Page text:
Stories & articles of our work & our people
After making its debut in early 2014, Makeki Online – Samoa’s number one trading forum, has changed the way Samoans buy, sell and advertise over the course of just four years.
Hosted via Facebook, the platform originally catered to locals who wanted to sell off their unused household items, clothes or appliances and make some extra cash.
Today, Makeki Online has over 45, 000 members (and counting) and receives on average 150 member requests each day. From cars to pieces of land, electronics, clothes, businesses, pets or even compatible blood donors – everything and almost anything can be found or advertised on Makeki Online.
But what is the secret behind the success of this simple Facebook Page? The secret which has boosted MO’s following far beyond anything other local traders have seen?
According to Founder, Mose ‘Nitrous’ Mose – the total sales in the last year facilitated by the page have amounted to almost $700,000 tala.
Speaking to Samoa Planet at the UNDP Youth Co-Lab, Mose revealed the simple vision and recipe for success which started it all.
“Makeki Online first started because I saw an opportunity – a gap. At the time, the majority of people perceived Faceook as ‘the internet’. Affordable internet access was also being introduced then, which led Facebook-accessibility to become the driving force behind Makeki Online.”
“When it started we had no ads or sponsorship to boost posts or anything like that, it grew organically, from word-of-mouth. People started buying and selling, and adding in their friends and family and next thing you know we had 500 followers.”
Mose says that once the following count reached 500 and then later 1000, he knew he’d need help in administrating the page. He then reached out to close friends Kent Onesemo and Thomas Seuao, who are fellow Admins and co-share the responsibility of filtering through the hundreds of messages, member requests and complaints received each week.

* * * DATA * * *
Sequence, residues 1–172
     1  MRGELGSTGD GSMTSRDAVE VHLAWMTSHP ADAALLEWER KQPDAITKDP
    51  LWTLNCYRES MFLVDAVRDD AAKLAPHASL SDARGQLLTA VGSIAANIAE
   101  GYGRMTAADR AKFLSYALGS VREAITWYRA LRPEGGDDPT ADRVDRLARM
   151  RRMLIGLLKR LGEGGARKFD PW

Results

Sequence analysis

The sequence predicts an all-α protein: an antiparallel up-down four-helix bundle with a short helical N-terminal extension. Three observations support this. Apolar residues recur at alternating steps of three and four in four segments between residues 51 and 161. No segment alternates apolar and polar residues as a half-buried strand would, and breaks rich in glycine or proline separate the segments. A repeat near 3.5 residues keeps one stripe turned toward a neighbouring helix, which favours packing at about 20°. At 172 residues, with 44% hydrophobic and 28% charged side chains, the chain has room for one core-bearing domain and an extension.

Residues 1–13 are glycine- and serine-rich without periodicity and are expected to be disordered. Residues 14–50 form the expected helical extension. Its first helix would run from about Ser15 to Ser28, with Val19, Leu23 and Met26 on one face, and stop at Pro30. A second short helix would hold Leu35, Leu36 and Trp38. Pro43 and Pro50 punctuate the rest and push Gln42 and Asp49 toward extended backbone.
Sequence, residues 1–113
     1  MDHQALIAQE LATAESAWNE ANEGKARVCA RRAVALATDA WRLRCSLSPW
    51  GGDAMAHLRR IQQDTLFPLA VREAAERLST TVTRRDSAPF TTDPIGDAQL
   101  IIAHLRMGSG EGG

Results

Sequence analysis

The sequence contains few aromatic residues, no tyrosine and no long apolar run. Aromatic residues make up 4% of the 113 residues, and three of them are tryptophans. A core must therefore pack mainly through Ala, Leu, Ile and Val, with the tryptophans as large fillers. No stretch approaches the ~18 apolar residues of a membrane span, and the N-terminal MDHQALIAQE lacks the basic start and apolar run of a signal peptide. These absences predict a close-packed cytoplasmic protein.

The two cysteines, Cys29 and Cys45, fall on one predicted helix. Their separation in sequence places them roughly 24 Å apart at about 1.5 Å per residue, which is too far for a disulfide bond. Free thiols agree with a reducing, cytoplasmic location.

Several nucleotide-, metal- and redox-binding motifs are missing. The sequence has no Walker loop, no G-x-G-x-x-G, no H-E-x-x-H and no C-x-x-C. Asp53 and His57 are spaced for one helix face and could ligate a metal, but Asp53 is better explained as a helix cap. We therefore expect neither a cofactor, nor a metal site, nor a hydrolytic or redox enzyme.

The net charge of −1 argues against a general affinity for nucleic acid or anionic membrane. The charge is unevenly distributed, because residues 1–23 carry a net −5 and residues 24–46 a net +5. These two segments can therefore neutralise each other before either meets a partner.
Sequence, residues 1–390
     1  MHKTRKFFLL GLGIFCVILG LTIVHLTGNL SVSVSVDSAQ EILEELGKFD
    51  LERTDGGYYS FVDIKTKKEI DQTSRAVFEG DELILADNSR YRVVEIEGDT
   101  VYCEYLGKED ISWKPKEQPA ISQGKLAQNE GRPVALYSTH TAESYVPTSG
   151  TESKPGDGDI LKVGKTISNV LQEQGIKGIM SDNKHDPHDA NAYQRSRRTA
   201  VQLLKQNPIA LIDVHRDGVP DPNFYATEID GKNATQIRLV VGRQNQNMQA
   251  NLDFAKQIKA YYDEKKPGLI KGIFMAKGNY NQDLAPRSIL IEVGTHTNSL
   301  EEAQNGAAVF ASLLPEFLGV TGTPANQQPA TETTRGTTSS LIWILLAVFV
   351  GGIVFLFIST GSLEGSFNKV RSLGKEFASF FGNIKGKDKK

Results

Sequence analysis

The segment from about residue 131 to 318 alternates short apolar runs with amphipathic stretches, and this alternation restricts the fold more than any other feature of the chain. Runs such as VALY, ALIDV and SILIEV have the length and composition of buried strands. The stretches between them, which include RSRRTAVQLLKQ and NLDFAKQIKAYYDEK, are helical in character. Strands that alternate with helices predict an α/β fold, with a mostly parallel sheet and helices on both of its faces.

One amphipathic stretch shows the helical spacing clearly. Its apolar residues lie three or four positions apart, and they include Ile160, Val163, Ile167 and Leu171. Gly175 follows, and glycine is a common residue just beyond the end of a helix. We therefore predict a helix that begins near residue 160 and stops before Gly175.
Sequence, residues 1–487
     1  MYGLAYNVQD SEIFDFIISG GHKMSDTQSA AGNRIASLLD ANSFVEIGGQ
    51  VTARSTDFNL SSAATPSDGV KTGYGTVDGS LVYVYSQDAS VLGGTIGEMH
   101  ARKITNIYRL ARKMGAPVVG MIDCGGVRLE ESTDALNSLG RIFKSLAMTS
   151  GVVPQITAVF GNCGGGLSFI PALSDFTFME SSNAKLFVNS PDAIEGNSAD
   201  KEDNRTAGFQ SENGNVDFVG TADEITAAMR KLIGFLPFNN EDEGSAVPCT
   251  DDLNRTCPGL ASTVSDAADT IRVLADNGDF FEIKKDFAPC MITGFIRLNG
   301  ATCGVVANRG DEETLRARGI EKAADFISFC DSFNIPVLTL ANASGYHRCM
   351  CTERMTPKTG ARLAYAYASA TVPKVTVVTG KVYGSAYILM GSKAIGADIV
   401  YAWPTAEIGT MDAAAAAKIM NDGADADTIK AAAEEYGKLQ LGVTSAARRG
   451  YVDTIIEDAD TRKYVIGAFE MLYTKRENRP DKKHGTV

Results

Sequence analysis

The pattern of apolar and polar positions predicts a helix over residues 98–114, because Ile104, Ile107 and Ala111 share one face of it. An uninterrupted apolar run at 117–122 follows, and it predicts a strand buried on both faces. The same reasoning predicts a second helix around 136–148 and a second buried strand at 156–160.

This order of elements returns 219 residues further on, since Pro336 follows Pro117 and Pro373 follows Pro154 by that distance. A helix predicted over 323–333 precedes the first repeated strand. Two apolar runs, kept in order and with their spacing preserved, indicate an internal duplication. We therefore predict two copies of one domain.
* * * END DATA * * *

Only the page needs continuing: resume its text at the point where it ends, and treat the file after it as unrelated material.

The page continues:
Mose continued, “It’s a real team effort and dedication. We all have our own schedules and timetable for the page. Kent is currently studying for his Master’s overseas, but he’s still online helping out during his shifts. We’ve found that the best time for admin work is actually in the early hours of the morning.”
“We do go through a lot of data each week, and it’s all from our own pockets. But we are getting close to where we want to be and God has been helping us through all these years. We’ve built all these relationships with people and MO does have a local reputation, so that’s why we’ve just recently opened up to the whole idea of including our identities on the page. Before that, we were all kind of anonymous.”
As a full-time Computers and Physics Lecturer at the National University of Samoa, Mose says that it’s the daily norm for him to be scrolling and checking posts and messages as he walks between classes.
“There’s also been a lot of challenges, we deal with all sorts of people different opinions, each with different things that they want or suggest. We also have to handle technical issues, complaints and even deal with people who are reported to be selling stolen items. It’s a lot to take in. But we are committed to this page and the accessibility its giving our people.”
“At the end of the day, Makeki Online is here to cater for Samoa, for our people and if it can bring in some money for families out there- then that’s great.”
Mose says that plans to expand Makeki Online’s reach are already underway with a separate website already constructed.
He said, “MO is still a Facebook group in the meantime, but we’re in the second year of working on the website. We’re just moving everything more towards the actual internet and less reliant on Facebook as the platform itself. We will never leave Facebook, but when we started-Facebook was ‘the internet’ to people. We built up on that, but we’re also moving forward with the website and a Mobile App which should be launching soon.”
“In terms of other websites and trading platforms – our focus has always been not to compete – let everyone do their own thing. We trust what God is doing and if it is His Will, He will take us to the next level. But all-in-all, this will always be my testimony – we started with God, and everything else fell into place. There’s a lot of challenges and responsibilities, we deal with all sorts of people every day- but it’s been a great journey and we’re all thankful the support we’ve received from everyone.”